Mark Alyn (center) and John Darin from one of many projects they did together. Barbara Valentine was host-producer.
"For more than 20 years John and I worked on a variety of projects - radio and TV - on one project he would be the host and I would direct.
Photo is on set in Santa Barbara where I was directing and then the next project he would direct me and I would host.
He was always funny - or should I say punny," emailed Alyn.
New Morning Show at Go Country
|(May 26, 2020) KKGO Go Country 105 beefed up its morning
show this week with the addition of Adam Bookbinder to their
AM drive, joining Country singer Tim Hurley. "We could not
be more excited to have Adam join Tim in the mornings on Go
Country 105,” said pd Michael Levine.
“Adam is a seasoned professional who has worked extremely well with Tim over the last year. We look forward to an exciting and entertaining show from the both of them.”
Adam joined Go Country 105 three years ago as digital director. Prior to KKGO, he spent 14 years as digital content manager at CBS Radio’s 94.7 The WAVE and K-EARTH 101. Adam’s on-air experience includes KBBY-Oxnard/Ventura and WPST-Trenton/Philadelphia.
In 2014 Tim was discovered singing Karaoke at a bar in Playa del Rey. Just two months later, he was performing onstage for the first time, opening for John Michael Montgomery at Fort Bliss in El Paso. After a tremendous reception, he decided to pursue a career in music. Originally from Rhode Island, Tim was raised on a variety of musical genres, but in college, the songwriting and lyrics in country music won him over.
Hear Ache. The fall out continues from the ‘Death of KROQ’ Variety story. Jed the Fish wrote on Twitter: “The reason I lost interest in KROQ was because the big group in 2009 was the antithetically-named ‘Fun.’” … Podcast news from PodNews: Amazon will be delivering podcasts soon, replacing TuneIn as the default podcast experience for Alexa speakers … Have and Have Nots in Podcast world. 86-year-old Larry King, has signed a deal reportedly worth $5m for his first-ever podcast. And will Joe Rogan really get $100 million to take his podcast to Spotify?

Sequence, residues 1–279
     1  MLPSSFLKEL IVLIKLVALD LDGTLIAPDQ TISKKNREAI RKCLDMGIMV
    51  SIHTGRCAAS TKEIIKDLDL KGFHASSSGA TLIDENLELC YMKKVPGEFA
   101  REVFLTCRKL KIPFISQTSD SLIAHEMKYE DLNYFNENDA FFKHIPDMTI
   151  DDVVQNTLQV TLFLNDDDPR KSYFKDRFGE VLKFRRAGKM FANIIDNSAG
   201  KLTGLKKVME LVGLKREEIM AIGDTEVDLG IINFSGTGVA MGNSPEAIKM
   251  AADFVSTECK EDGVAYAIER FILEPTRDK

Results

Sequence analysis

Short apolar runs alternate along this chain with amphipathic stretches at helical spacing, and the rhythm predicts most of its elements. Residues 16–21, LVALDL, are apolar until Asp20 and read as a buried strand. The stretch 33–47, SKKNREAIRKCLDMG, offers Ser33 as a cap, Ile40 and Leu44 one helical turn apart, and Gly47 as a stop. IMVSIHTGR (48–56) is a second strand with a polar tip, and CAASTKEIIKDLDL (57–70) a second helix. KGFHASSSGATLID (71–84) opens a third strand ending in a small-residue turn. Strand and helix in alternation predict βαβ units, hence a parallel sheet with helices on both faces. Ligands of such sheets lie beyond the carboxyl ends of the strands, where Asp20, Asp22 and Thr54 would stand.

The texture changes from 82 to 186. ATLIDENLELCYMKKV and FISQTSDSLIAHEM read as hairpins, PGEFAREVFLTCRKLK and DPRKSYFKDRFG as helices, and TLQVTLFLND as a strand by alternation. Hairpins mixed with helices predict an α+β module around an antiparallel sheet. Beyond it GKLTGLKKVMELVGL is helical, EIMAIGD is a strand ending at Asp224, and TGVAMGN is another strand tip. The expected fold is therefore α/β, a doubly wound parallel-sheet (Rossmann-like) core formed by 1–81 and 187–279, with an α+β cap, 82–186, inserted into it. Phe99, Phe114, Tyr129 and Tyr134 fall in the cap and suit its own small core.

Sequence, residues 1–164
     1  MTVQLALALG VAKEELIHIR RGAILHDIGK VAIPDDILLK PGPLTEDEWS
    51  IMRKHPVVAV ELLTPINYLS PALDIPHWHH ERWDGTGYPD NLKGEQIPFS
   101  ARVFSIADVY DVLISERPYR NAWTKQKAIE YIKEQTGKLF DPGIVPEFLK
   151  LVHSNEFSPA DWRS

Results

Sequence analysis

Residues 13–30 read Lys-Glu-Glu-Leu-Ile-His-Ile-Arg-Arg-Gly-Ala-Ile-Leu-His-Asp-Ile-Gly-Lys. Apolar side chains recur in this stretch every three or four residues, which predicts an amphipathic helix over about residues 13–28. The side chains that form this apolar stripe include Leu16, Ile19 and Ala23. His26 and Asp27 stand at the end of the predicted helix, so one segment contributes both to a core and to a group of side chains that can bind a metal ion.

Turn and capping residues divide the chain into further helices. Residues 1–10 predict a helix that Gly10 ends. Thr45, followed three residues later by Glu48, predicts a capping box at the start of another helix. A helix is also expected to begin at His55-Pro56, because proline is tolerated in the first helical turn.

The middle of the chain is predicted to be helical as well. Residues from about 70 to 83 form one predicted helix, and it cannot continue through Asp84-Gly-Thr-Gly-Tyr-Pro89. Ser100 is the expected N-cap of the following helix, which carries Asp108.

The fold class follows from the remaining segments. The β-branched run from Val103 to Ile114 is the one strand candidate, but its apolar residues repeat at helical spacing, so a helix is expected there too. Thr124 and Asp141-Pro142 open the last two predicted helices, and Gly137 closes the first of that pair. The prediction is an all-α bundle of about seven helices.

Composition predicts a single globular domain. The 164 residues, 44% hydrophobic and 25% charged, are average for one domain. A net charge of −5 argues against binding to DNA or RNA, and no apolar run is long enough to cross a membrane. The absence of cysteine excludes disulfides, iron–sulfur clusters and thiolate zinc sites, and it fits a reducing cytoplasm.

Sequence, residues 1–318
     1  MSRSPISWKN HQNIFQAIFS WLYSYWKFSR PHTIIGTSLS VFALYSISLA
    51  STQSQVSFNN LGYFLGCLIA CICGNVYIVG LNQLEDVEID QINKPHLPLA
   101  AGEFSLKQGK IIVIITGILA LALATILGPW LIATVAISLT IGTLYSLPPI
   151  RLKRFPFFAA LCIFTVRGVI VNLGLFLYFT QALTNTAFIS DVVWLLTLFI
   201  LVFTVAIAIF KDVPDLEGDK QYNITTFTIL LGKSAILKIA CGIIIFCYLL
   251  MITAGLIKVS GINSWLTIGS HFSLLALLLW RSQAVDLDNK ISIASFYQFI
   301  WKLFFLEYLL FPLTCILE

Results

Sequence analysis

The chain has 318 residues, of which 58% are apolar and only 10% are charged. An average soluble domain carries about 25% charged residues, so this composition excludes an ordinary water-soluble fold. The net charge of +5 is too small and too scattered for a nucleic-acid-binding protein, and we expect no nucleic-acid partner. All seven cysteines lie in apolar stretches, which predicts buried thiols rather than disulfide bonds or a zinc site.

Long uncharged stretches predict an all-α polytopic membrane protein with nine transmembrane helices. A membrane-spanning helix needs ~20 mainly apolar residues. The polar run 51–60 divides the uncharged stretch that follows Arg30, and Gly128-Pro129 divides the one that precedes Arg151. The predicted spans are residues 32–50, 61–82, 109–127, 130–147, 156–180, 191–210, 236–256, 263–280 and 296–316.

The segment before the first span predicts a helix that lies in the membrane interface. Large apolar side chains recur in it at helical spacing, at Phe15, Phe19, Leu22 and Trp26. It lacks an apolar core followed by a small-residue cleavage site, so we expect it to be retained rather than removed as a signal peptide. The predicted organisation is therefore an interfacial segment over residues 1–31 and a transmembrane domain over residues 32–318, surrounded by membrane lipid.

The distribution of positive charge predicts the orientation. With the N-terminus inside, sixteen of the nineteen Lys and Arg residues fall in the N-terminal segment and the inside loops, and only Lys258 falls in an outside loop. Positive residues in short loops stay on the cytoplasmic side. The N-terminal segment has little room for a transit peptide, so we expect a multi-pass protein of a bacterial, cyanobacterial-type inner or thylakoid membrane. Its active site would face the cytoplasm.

ROBERT W MORGAN BOSS OGRAPHY (Narrated by Casey Kasem) ... thanks to Kevin Gershan
Quarter 2019: Passing Parade: Sylvia
Chase; Eva Ross Kilgore; David Horowitz; Richard
Kimball; Super Dave Osborne, Harvey Mednick; Bruce Williams;
Let's Go Trippin' with Dick Dale; Larry Van Nuys jumps into the (K)Surf; KABC
shuffles line-up; LARP who died in 2018; Art Laboe
set for PPB honor luncheon; Jaime Jarrin honored;
Marketing lesson from Fiji Water Girl; Cindy Dole
out styling; Saul Levine essay on his 105.1/fm
beginnings; How will a recession hurt the radio biz?; Update on KFI
reporter Hanna Scott; Series to preserve radio
archives; Golden Night; 1,000 homes on site of KLOS/KABC; Video in
cars; Jimmy Steal to Chicago; New head of Southern
California Public Radio; Celebrating Scott St. James;
Laughs are on Phil Hendrie; Afternooner like no
other; Art Laboe honored by Pacific Pioneer Broadcasters;
Wendy Williams show postponed indefinitely; KNX vet
Diane Thompson set to retire; Delilah
tells all; Motown at 60; Martoni's; Steve Harvey and